Incorporating High Tunnels into a Diversified Organic Vegetable Farm in Oregon: Case Study of Gathering Together Farm

Organic Agriculture September 14, 2016 Print Friendly and PDF

eOrganic authors:

Galen Weston, Tuolumne River Trust

John Eveland, Gathering Together Farm

Jolene Jebbia, Gathering Together Farm

Alex Stone, Oregon State University

Introduction

In a collaboration between Gathering Together Farm (GTF) and Oregon State University (OSU), three high tunnels (Haygroves) were constructed side by side in January of 2003 on site at GTF. For the last three years, data has been collected in order to analyze high tunnel performance within the context of a diversified organic vegetable farm.

Gathering Together Farm is a 40 acre organic farm in the Willamette Valley that markets produce through a CSA, farmers markets, and direct sales to restaurants. When the high tunnels were constructed in 2003, GTF had 11 smaller greenhouses in use totaling 25,000 square feet. This report summarizes the experiences of the farmers over the three year trial.

Three high tunnels at Gathering Together Farm, Philomath, Oregon. Photo credit: Galen Weston, Tuolumne River Trust

History of High Tunnels at GTF

In January of 2001, 5 GTF employees spent 2 full days constructing the three tunnels. In the first growing season, High Tunnel 1 (HT 1) was used for 3 beds of potatoes planted February 15, and two beds of tomatoes planted April 4. High Tunnel 2 (HT 2) contained 1.5 rows of both peppers and eggplants planted May 1, 1 row of basil planted April 20 and 2 rows of zucchini planted April 20. High Tunnel 3 (HT 3) contained 1.5 rows of cucumbers planted June 1, 2.5 rows of tomatoes planted June 1, and 1 row of okra planted June 1.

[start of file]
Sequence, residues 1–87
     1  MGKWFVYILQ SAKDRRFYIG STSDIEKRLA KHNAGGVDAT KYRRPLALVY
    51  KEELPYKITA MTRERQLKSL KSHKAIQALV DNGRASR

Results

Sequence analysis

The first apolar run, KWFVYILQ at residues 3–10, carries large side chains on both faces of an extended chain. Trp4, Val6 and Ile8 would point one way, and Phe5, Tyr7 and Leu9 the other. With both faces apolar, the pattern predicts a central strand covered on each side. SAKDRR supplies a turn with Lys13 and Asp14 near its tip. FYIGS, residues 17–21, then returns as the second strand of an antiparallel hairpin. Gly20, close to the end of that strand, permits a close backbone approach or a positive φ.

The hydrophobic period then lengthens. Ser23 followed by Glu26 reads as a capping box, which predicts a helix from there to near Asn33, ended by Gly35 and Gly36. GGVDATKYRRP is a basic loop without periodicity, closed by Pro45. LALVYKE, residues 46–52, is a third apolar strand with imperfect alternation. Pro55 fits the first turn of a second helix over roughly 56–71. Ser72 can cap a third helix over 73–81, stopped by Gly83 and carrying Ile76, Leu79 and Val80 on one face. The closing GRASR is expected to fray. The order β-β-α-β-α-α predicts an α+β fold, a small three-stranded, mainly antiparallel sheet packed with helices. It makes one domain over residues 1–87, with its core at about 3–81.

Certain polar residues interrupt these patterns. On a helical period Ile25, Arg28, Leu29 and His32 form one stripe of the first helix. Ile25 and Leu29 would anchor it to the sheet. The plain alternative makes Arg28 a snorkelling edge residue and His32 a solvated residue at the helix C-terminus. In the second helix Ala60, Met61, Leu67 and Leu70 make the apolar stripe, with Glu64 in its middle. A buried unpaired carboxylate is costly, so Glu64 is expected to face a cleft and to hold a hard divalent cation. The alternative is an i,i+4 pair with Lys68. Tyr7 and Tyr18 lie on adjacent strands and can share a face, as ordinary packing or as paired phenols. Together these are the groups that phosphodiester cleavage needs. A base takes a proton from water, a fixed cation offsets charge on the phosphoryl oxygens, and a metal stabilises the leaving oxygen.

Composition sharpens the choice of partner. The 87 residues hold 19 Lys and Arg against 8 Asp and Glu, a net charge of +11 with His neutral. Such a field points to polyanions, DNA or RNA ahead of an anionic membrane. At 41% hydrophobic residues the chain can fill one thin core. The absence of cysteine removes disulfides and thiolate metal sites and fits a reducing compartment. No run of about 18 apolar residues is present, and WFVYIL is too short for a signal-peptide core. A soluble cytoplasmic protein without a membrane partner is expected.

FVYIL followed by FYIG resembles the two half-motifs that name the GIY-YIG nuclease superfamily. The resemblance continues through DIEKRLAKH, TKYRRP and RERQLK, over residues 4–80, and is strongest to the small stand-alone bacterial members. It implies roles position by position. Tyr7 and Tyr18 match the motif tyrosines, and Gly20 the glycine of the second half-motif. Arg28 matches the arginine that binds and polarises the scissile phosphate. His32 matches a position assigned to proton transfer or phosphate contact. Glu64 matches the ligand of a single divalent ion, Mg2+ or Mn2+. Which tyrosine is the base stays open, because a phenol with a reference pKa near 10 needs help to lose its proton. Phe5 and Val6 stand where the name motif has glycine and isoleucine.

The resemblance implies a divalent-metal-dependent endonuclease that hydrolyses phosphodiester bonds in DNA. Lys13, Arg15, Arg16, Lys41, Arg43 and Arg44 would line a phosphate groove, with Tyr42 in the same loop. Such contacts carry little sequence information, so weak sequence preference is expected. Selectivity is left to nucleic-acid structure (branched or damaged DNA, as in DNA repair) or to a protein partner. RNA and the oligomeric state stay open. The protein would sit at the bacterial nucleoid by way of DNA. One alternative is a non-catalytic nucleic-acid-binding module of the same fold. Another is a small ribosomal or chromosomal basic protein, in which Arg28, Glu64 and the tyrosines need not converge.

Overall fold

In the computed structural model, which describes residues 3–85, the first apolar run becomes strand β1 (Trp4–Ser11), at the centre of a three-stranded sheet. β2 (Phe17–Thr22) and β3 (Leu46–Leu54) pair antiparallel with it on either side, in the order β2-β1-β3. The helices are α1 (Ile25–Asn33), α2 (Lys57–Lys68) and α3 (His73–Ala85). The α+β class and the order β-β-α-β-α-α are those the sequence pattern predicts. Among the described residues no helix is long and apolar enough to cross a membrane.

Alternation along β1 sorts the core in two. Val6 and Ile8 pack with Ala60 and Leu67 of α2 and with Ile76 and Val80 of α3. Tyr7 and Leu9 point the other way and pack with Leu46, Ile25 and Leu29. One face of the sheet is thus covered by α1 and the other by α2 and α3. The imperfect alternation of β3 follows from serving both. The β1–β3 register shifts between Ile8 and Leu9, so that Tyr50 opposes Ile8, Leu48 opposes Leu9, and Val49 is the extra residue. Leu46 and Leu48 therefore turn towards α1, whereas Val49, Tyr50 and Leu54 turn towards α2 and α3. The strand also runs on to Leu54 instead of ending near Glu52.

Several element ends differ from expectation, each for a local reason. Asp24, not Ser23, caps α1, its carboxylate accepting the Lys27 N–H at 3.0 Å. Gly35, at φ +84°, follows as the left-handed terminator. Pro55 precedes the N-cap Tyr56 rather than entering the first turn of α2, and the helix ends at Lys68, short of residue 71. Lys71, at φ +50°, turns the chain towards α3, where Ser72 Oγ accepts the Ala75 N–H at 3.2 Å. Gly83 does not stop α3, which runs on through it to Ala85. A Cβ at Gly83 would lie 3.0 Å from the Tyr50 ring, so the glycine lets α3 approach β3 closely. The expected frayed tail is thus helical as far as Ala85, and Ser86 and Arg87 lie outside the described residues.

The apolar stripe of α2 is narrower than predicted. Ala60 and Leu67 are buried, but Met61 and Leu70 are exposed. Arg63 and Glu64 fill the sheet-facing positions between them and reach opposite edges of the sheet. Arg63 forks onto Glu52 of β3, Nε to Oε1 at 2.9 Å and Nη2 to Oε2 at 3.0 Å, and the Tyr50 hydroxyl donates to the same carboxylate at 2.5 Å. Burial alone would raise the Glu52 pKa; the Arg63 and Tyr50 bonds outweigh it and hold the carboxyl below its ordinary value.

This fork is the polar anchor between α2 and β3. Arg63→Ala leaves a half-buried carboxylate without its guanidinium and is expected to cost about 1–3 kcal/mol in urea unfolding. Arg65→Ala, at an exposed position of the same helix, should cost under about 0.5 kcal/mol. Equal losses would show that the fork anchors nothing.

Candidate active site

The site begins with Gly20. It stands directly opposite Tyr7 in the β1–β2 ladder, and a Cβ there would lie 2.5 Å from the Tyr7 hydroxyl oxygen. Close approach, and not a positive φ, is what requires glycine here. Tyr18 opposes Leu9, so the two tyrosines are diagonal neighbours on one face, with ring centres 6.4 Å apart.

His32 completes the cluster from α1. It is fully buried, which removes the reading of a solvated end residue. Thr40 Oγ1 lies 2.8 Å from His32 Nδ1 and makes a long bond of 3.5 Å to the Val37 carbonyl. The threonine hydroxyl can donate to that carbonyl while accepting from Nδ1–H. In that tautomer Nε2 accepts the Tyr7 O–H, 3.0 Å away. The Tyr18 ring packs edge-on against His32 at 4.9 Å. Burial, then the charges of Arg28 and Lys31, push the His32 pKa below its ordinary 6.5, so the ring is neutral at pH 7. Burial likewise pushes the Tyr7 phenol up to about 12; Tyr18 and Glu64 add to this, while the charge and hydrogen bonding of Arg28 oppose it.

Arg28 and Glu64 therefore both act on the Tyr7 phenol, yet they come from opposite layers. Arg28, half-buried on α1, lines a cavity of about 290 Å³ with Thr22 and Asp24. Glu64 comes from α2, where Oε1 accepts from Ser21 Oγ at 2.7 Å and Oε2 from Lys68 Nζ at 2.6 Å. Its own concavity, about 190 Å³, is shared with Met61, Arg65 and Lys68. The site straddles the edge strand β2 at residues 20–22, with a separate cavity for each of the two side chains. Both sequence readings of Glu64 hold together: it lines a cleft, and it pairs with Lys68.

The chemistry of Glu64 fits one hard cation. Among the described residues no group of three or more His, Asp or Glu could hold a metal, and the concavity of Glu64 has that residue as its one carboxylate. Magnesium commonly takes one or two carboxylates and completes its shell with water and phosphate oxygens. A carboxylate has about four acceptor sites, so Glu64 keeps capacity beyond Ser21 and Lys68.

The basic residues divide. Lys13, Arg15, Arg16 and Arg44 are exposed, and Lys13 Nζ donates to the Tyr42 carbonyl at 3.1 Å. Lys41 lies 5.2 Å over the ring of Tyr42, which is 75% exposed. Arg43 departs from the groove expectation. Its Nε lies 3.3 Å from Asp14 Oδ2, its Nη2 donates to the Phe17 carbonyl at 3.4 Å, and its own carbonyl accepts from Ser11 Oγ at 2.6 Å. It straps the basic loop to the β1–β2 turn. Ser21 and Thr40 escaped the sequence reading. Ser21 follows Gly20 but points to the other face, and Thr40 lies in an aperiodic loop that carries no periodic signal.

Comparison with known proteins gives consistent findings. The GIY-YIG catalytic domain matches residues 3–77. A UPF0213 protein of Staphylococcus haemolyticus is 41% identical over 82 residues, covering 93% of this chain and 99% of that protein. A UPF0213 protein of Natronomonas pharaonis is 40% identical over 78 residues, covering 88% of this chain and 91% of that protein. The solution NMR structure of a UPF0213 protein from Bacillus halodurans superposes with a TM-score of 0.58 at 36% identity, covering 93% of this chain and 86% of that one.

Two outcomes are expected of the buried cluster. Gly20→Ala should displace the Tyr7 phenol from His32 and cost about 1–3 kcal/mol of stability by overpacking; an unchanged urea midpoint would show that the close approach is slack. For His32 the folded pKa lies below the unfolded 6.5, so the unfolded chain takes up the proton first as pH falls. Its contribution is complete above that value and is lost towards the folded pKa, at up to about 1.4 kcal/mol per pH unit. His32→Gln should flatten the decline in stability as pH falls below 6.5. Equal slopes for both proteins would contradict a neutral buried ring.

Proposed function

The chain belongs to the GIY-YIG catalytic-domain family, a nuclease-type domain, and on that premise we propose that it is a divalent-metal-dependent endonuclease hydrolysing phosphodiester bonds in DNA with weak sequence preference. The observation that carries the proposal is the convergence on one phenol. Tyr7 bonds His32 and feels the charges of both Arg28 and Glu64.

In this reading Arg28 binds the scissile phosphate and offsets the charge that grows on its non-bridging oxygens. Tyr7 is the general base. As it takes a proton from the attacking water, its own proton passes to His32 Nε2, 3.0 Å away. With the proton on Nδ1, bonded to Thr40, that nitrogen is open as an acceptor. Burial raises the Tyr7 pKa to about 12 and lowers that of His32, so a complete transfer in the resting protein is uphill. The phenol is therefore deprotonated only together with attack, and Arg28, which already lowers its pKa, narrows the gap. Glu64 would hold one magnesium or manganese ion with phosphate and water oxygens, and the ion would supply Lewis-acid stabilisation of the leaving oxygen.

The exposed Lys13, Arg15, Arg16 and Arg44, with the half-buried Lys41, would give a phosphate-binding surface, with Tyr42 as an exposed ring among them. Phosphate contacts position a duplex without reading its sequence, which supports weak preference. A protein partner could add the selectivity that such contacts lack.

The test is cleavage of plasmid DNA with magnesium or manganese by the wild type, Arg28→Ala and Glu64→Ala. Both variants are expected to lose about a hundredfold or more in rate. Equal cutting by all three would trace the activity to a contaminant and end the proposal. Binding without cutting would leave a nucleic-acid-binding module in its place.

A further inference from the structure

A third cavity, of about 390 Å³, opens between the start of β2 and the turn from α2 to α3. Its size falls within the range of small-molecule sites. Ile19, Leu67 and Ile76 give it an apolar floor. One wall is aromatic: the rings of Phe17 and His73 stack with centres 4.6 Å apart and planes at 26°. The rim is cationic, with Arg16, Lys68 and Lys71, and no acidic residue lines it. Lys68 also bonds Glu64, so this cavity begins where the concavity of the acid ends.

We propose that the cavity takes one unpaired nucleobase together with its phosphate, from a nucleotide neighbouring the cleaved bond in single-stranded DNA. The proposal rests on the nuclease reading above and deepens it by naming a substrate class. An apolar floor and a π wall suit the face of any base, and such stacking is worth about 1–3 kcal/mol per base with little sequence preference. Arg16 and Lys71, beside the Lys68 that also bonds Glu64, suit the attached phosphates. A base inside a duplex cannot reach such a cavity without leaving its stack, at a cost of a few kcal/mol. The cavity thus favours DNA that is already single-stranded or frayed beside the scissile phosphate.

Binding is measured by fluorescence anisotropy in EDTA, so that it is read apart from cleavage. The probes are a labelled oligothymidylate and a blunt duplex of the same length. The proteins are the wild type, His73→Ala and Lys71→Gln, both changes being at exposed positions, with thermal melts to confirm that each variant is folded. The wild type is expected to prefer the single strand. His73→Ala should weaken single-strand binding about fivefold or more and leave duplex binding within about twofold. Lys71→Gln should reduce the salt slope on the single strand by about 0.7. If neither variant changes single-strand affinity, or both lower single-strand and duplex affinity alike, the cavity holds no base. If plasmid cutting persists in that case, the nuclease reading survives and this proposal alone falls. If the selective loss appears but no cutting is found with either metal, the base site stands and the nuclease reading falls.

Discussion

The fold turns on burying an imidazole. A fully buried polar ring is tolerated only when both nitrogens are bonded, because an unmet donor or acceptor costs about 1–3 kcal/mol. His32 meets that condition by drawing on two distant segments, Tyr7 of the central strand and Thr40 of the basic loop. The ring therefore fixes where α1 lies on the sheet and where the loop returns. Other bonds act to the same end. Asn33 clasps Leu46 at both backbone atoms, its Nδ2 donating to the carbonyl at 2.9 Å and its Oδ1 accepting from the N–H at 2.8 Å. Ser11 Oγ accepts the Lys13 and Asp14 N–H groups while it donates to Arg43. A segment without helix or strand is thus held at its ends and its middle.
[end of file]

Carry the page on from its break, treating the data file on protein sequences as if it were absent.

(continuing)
In 2004, HT 1 was home for 2.5 rows of tomatoes, 2 rows of zucchini, and 0.5 rows of basil all planted on April 25. HT 2 contained salad mix sown in mid February, followed by 2 beds of peppers planted May 1, 1 bed of eggplant planted May 1, 0.5 bed of hot peppers planted May 1, 1 bed of cucumbers planted in June, 1 bed of late basil planted at the end of August, and 1 bed of okra planted June 1. Half of HT 3 was planted to early carrots on February 5 and potatoes in February 5. On June 1, storage tomatoes were planted following the carrots.

In 2005, each tunnel had an early and late crop. HT 1 was seeded with salad mix in mid February, which was harvested during the month of April. Following the salad mix crop, 2 rows each of zucchinis and peppers and 1 row of eggplant were transplanted. In HT 2, carrots were sown on January 9 and again on February 9th. One bed each of peppers and eggplants were transplanted following the potatoes and 3 beds of storage tomatoes were planted on June 1st following the carrots. In HT 3, 2 beds of endive and 3 beds of head lettuce were transplanted on February 20th. Following the lettuce harvest in mid April, 1 bed of basil and 4 beds of tomatoes were transplanted.

Harvesting Salad Mix (4/18/05). Photo credit: Galen Weston, Tuolumne River Trust

Farmer Observations

According to farmers John Eveland and Jolene Jebbia, the most significant attributes of the high tunnels are their large size and their capacity for excellent ventilation. For GTF, the most serious limitations to the length of their growing season are wet soil conditions that prevent mechanical bed preparation and planting in the spring; and pest and disease pressure resulting from cold, wet conditions in the fall.

Together, the three tunnels keep a total of 18,000 square feet dry and their size permits easy access for most farm implements. The large size of the tunnels also makes them more suitable for sprawling crops such as zucchini that had previously been impractical for greenhouse culture. By keeping the soil dry through the winter and thus available to be tilled at the farmer’s discretion, the tunnels allow for earlier plantings and more diverse rotations. Another factor influencing early spring plantings is the difficulty in managing weeds because wet conditions in the fields are unsuitable for mechanical cultivations. The crops grown in tunnels avoid this problem and allow GTF to maintain a cultivation schedule regardless of outside weather.